This article considers Nabokov’s Lolita as an allegory of the Cold War’s obsession with uranium, correlating the uranium rush of the 1950s with the choice of some of the key locations in the book. The incursion into United States space by the foreign agent and corrupter of youth Humbert Humbert is read through the lens of Cold War anxieties about radiation, missile attack through the DEW Line and a “mapping” of America by subversive aliens. Lolita herself is the Uranium Girl, radiant child of nuclear America under threat from the death ray of the bomb’s fallout.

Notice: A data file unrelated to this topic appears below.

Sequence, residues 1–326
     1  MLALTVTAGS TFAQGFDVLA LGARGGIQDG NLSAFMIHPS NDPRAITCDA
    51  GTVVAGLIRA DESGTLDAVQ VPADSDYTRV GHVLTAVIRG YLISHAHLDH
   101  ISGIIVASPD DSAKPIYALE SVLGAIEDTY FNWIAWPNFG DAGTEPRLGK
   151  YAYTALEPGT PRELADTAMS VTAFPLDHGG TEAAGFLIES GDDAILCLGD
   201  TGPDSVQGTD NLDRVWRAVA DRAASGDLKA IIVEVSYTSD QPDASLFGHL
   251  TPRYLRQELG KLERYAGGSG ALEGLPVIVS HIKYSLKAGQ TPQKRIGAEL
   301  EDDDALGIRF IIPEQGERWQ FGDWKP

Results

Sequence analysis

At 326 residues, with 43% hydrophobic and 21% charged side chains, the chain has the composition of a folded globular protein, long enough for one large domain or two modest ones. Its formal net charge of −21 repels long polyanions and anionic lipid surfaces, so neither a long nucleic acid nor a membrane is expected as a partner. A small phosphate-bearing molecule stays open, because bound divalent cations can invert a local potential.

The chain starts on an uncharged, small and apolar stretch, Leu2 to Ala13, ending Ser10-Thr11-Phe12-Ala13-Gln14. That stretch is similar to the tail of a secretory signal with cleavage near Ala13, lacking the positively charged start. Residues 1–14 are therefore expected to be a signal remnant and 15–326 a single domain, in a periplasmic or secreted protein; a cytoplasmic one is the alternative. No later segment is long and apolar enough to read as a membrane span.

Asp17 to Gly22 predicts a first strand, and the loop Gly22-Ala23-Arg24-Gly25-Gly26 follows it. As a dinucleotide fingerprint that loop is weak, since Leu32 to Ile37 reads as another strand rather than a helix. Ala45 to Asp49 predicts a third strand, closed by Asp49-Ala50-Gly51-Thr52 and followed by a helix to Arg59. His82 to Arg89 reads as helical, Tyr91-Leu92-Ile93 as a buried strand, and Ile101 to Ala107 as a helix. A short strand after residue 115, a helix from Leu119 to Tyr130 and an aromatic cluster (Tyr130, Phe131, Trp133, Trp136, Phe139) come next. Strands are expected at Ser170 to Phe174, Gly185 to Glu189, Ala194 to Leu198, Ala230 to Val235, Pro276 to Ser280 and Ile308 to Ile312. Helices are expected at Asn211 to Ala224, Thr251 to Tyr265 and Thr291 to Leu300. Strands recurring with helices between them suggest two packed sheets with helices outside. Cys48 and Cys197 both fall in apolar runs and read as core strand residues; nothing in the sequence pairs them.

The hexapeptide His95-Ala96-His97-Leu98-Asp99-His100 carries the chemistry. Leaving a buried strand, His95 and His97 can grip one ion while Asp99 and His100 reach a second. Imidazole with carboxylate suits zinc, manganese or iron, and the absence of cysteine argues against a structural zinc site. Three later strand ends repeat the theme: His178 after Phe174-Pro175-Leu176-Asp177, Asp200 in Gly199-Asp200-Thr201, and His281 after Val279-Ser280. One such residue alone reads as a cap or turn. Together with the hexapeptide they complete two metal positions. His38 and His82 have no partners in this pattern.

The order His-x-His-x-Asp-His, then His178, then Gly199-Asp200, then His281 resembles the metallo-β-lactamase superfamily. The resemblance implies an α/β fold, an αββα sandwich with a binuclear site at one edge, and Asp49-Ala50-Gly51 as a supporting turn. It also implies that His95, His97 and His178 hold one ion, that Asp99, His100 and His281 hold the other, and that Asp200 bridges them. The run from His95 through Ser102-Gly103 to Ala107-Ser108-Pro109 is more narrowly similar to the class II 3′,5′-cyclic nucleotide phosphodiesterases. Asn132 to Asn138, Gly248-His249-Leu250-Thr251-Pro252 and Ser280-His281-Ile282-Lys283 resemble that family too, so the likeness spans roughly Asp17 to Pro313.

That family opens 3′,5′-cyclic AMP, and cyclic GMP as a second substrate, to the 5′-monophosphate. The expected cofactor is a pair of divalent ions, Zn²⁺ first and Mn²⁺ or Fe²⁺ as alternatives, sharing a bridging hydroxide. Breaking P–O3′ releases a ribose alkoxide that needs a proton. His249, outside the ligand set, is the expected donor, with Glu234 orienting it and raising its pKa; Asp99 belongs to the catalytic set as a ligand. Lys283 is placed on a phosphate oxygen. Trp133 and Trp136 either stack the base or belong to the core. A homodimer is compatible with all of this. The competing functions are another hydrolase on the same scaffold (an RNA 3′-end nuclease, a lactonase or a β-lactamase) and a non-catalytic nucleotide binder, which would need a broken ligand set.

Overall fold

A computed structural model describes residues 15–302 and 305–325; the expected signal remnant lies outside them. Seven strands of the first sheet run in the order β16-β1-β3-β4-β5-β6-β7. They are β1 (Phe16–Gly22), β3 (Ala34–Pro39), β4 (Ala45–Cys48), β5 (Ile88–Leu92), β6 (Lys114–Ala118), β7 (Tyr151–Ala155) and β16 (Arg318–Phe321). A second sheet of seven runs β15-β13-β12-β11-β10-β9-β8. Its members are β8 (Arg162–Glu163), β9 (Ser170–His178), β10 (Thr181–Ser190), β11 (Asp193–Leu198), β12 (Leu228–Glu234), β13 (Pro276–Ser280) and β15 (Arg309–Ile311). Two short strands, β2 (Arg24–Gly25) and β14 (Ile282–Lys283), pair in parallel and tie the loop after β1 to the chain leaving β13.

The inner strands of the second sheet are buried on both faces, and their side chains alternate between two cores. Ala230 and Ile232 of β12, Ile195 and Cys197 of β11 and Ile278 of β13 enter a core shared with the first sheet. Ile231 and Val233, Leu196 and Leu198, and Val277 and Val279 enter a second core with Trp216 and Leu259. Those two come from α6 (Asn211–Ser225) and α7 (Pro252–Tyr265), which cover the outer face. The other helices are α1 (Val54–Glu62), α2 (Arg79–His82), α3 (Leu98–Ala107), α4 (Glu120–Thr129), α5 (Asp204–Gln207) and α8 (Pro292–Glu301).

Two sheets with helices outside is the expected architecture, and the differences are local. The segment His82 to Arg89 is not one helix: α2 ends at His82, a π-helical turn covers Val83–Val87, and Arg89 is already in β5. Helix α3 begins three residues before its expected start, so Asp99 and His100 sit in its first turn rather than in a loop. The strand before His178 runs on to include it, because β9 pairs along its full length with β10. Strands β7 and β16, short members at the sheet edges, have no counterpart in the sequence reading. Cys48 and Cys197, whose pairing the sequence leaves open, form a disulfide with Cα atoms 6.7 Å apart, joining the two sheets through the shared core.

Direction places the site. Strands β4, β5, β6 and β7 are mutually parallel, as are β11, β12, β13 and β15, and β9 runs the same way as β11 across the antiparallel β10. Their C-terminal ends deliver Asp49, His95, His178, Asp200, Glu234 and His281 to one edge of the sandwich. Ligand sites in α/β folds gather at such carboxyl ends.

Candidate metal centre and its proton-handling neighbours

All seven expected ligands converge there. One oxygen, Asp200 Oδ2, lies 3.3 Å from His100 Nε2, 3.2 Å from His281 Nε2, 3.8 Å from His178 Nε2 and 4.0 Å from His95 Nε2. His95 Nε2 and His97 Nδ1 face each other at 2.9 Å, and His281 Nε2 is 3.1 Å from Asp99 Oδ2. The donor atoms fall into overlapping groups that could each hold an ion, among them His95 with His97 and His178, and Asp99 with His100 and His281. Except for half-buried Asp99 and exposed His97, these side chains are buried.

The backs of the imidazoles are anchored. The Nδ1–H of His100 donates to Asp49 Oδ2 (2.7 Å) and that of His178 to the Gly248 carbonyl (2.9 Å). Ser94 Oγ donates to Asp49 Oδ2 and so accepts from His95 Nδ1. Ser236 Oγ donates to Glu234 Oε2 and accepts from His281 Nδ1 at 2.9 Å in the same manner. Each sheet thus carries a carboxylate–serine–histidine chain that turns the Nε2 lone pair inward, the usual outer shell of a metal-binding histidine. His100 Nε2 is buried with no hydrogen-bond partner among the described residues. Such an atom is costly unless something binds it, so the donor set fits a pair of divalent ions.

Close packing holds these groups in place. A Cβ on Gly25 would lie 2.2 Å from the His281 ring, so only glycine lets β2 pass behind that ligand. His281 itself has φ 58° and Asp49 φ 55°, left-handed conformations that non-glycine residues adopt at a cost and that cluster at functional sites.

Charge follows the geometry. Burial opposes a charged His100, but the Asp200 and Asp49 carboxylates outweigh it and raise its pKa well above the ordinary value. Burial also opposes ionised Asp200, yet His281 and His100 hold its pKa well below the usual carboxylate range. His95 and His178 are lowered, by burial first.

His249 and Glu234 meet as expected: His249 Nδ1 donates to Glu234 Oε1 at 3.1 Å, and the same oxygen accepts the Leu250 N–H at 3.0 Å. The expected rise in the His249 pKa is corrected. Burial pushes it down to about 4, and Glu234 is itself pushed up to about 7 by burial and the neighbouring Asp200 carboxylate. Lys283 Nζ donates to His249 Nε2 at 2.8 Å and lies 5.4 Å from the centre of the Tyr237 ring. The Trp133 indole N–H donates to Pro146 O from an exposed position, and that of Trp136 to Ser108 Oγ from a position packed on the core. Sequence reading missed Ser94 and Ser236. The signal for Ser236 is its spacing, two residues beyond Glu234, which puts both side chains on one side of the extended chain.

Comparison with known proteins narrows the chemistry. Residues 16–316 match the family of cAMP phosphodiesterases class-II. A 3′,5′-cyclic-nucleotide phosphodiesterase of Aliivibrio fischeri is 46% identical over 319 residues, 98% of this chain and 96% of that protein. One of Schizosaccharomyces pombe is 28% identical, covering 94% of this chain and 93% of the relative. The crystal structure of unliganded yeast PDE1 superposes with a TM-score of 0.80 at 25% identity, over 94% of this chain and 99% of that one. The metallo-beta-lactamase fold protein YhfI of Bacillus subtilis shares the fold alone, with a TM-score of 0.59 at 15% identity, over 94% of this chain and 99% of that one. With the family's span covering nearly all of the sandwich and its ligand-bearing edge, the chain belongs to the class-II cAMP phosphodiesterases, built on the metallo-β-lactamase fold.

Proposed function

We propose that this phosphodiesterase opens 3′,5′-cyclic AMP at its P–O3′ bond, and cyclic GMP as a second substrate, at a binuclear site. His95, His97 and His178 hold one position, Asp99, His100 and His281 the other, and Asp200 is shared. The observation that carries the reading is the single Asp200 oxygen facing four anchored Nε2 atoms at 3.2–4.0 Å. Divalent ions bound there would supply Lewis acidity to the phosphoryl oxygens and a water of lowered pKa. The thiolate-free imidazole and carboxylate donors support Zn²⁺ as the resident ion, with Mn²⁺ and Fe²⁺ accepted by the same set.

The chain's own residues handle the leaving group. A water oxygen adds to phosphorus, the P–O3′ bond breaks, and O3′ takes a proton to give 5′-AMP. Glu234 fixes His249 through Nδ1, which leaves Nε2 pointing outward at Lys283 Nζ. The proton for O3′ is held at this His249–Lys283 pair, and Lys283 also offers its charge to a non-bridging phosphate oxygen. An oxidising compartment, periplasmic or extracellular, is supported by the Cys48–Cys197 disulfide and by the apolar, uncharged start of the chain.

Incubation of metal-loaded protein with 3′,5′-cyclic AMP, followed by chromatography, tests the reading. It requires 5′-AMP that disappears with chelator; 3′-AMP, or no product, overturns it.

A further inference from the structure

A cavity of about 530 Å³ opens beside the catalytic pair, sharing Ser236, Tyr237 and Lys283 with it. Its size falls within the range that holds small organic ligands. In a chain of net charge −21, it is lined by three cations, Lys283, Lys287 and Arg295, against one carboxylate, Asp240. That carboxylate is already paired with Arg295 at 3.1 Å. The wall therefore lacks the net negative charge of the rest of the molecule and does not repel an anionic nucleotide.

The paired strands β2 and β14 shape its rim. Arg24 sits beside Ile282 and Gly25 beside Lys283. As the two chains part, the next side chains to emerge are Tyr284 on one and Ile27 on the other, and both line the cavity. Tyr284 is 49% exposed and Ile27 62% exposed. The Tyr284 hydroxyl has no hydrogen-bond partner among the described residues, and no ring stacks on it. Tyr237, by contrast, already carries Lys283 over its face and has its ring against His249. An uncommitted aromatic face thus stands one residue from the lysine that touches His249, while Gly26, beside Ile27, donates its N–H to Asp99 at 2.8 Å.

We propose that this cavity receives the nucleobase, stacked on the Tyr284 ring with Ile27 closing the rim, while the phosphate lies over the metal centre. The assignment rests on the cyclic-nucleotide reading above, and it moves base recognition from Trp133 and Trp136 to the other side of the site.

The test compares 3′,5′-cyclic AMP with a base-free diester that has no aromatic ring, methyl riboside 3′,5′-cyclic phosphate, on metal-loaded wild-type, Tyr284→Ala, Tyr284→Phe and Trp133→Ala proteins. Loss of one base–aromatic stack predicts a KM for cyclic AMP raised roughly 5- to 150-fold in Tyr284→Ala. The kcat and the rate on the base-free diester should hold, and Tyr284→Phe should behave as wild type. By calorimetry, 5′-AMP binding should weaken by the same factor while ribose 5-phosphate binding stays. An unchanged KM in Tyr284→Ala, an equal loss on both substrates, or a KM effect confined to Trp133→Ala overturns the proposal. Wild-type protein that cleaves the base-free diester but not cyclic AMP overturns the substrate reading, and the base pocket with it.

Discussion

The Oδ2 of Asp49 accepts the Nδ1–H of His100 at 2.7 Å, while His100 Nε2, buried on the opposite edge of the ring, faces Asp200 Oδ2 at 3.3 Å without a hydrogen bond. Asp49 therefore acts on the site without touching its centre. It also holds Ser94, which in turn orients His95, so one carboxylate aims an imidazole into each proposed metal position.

Research Article|November 01 2008
HOT ROCKS AND THE URANIUM Girl: Nabokov’s LOLITA
ADAM PIETTE IS A PROFESSOR OF MODERN LITERATURE AT THE UNIVERSITY OF SHEFFIELD. HE IS THE AUTHOR OF REMEMBERING AND THE SOUND OF WORDS AND IMAGINATION AT WAR. HIS CURRENT BOOK, THE LITERARY COLD WAR, IS FORTHCOMING FROM EDINBURGH UNIVERSITY PRESS.
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Cultural Politics (2008) 4 (3): 309-329.